seeker Sun 16-Dec-12 07:28:30

"He came to us and we took him on the grounds that we could only accept him if he did not disrupt our classes. Unfortunately he lasted on morning with us before an incident (he told one of the teachers to "f* off” in his first lesson. He was out of school before the lunch time bell rang (and out of class before the first 20 mins was up)."

So "sorting it out" means "Do what you're told or you're out on your ear" Or am I misinterpreting you again?

mrz Sun 16-Dec-12 07:39:49

I certainly didn't study WWII at either O or A level seeker.
The Primary NC says Britain since 1930, which many schools interpret as WWII but they could just as easily study the Space Race or an important figure.

Ronaldo Sun 16-Dec-12 07:44:18

So "sorting it out" means "Do what you're told or you're out on your ear" Or am I misinterpreting you again?

Whilst I prefer to phrase it differently (as I do not want to be emotive about it) it is a reasonable representation this time.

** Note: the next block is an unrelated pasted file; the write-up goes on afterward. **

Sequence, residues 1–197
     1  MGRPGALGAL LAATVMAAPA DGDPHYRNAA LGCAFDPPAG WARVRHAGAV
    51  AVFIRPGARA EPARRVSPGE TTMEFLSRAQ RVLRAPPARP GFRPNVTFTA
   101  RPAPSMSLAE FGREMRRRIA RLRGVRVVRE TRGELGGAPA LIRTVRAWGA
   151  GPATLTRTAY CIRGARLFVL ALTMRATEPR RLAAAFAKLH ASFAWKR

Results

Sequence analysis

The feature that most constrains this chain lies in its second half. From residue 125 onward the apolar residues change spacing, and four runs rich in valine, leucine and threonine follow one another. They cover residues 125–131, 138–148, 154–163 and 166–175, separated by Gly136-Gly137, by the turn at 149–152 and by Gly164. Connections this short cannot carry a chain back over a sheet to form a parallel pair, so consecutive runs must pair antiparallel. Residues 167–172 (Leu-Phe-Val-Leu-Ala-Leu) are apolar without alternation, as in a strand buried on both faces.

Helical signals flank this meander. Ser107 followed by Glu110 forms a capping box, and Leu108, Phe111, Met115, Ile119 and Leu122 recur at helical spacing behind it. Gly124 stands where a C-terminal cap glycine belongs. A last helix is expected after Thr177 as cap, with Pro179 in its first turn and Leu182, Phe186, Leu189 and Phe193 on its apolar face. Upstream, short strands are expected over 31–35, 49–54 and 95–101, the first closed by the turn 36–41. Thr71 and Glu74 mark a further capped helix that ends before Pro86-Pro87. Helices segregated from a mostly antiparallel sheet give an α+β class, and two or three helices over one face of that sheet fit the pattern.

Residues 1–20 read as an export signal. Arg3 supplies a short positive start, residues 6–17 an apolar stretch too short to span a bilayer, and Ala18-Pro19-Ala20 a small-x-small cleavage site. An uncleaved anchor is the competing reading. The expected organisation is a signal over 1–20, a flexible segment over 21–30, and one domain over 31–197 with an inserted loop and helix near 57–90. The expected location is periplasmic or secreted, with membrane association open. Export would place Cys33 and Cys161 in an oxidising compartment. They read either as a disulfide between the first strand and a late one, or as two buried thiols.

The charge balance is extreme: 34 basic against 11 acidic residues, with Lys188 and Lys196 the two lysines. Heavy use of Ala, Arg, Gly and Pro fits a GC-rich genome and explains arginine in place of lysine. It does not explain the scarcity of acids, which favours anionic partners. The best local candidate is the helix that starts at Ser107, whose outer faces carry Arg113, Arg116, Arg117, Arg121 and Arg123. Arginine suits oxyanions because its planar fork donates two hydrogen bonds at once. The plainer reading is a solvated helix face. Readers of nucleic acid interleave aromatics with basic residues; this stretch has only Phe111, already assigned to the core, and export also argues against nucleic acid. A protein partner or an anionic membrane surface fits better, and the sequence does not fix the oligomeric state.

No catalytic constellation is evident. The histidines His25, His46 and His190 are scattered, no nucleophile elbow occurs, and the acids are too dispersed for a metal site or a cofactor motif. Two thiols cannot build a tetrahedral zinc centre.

However, it is a policy which prepares DC forlife and achievement in the work place. After all no employer wants an employee who cannot do as they are told - and if you are disruptive you are soon told to collect your cards (P45).

Similarly in most social situations no one likes ill mannered people.

mrz Sun 16-Dec-12 07:48:55

*No Mrz.not contradictory at all. Those with behaviour issues either change very quickly or are invited to move on.*

sorry but I would consider I had failed professionally if I gave up on a child.

seeker Sun 16-Dec-12 07:57:22

grin at a school allowing 20 minutes to sort out a behavioural problem before giving up.

exoticfruits Sun 16-Dec-12 07:58:18

I would certainly not have given up by lunchtime on the same day that he started!

Ronaldo Sun 16-Dec-12 07:58:39

No Mrz.not contradictory at all. Those with behaviour issues either change very quickly or are invited to move on.